It felt too hot to be in White Beach. We were going to lounge by the shore but decided against it. We had snacks first. Then waited for it to cool down a bit. When it felt that we can bear the heat, we took a spot and settled in then we fell asleep. :) We decided to hang around because there were live bands that night. Not long into the other bands’ performances, unfortunately, it started to rain. It was light at first but quickly became a downpour. We wanted to go back to Sabang (home) but the tricycle drivers were exploiting our situation and wouldn’t agree to anything less than 400php. There was this one tricycle driver who wanted to help us out but then, the first we talked to came up to him and told him that there’s a queue they have to observe. They wouldn’t let him drive us to Sabang but then they wouldn’t agree to our price (150-200php). Since the rain’s pouring really hard now, we got in the kind driver’s tricycle. We’ll try to wait it out since the other sheds were filled with people. Kuya Jaime (0908 2045252) just got settled in the island less than 4months back. He used to live in Fairview. He wanted to help us out but there were rules to observe. He came up with a plan though. He’d get a few passengers by the White Beach (they won’t object to drivers fetching their contact passengers) then he’d pick us up along the way. To which we readily agreed since there was even a black out! We got out of the tricycle. Went to a sort of shed. Waited for his go signal. Then started walking. It was fine with me until Len had to bring to my attention that it was very scary to walk in complete darkness (while it’s also raining). She said we should walk slowly so we won’t get too far away from the other people. Len! I scare so easily! Don’t say stuff like that! haha Luckily, we didnt have to wait long. We had to squeeze ourselves (4 pax) into the backride though, . hehe There was just one glitch in this, the passengers he picked up was headed towards the direction of Calapan when we had to make a turn to Sabang. So back in town, he  talked to a friend of his and asked him to get us to Sabang. He told the other guy that we’re his cousins and to please take care of us. Aww, thank you Kuya! He asked for only half of the agreed upon amount (200php) and gave the other half to the other guy. :)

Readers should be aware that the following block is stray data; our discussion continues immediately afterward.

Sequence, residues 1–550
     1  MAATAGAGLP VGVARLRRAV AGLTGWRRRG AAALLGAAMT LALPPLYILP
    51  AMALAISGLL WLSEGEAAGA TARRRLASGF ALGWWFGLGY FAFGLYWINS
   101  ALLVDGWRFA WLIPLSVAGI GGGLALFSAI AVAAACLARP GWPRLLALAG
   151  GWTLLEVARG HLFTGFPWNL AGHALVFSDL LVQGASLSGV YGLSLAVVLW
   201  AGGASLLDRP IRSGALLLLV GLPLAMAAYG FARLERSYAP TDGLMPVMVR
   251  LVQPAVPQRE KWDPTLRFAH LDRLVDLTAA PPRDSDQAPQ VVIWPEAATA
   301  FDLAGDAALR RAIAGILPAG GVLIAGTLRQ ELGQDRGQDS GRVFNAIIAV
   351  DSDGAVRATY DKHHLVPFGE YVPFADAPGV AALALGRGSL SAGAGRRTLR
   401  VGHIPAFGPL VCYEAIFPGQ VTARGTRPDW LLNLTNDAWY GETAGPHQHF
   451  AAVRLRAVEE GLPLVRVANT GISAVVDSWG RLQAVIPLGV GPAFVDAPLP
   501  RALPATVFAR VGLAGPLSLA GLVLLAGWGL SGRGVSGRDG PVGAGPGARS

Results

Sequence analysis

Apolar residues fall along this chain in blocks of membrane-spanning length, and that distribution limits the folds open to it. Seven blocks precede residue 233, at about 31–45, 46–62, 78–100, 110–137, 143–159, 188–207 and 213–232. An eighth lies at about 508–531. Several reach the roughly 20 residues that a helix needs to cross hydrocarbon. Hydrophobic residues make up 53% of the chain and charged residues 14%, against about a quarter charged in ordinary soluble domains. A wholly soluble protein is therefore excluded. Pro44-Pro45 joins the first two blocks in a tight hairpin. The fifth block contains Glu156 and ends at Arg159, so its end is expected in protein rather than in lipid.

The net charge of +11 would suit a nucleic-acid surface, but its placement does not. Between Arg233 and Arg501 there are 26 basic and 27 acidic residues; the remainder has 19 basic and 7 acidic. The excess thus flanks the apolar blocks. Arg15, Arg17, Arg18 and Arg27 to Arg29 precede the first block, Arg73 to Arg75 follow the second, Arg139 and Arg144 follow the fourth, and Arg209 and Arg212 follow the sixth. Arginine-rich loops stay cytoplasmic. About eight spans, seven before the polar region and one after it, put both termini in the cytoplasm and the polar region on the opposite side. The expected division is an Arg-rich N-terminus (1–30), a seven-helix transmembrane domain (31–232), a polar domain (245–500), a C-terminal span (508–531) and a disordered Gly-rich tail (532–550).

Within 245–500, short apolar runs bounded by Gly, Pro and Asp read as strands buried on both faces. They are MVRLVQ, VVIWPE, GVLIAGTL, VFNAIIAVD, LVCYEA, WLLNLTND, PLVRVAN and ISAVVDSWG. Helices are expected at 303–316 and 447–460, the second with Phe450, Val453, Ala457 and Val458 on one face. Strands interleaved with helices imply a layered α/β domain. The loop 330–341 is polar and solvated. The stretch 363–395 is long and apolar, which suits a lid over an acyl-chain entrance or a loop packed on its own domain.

White Beach

Dinner!

Free wifi ;)

Once in Sabang, the rain had stopped falling and there’s electricity. Woot! We decided to check out the local scene. There were a number of discos in the area but it’s more of a PG-rated stuff if you know what I mean. There was this one club, The Venue, that had live bands with a dance floor (50php entrance fee) so we chose to go there. We went in totally wet. Went to the toilet and came out looking fresh in dry clothes! :D We brought a change of clothes for White Beach but we weren’t able to change into them. Had a fun and relaxed night of watching, listening, dancing and singing along with the band. We even got free drinks!

Related Post:

Sunny Puerto Galera

Swimming with Whalesharks in Donsol

May 28, 2010

A friend from Germany visited the country for 21 days. I took it as an excuse to tour the countryside! ;)

Why 21 days? Because that’s the maximum number of days he’s legally allowed to stay in this country without getting a visa. What to do with 21 days? Easy. Meet up with friends and tour the country! hehe

1st stop: Donsol, Sorsogon

Mission: Swim with butandings! :D

A butanding souvenir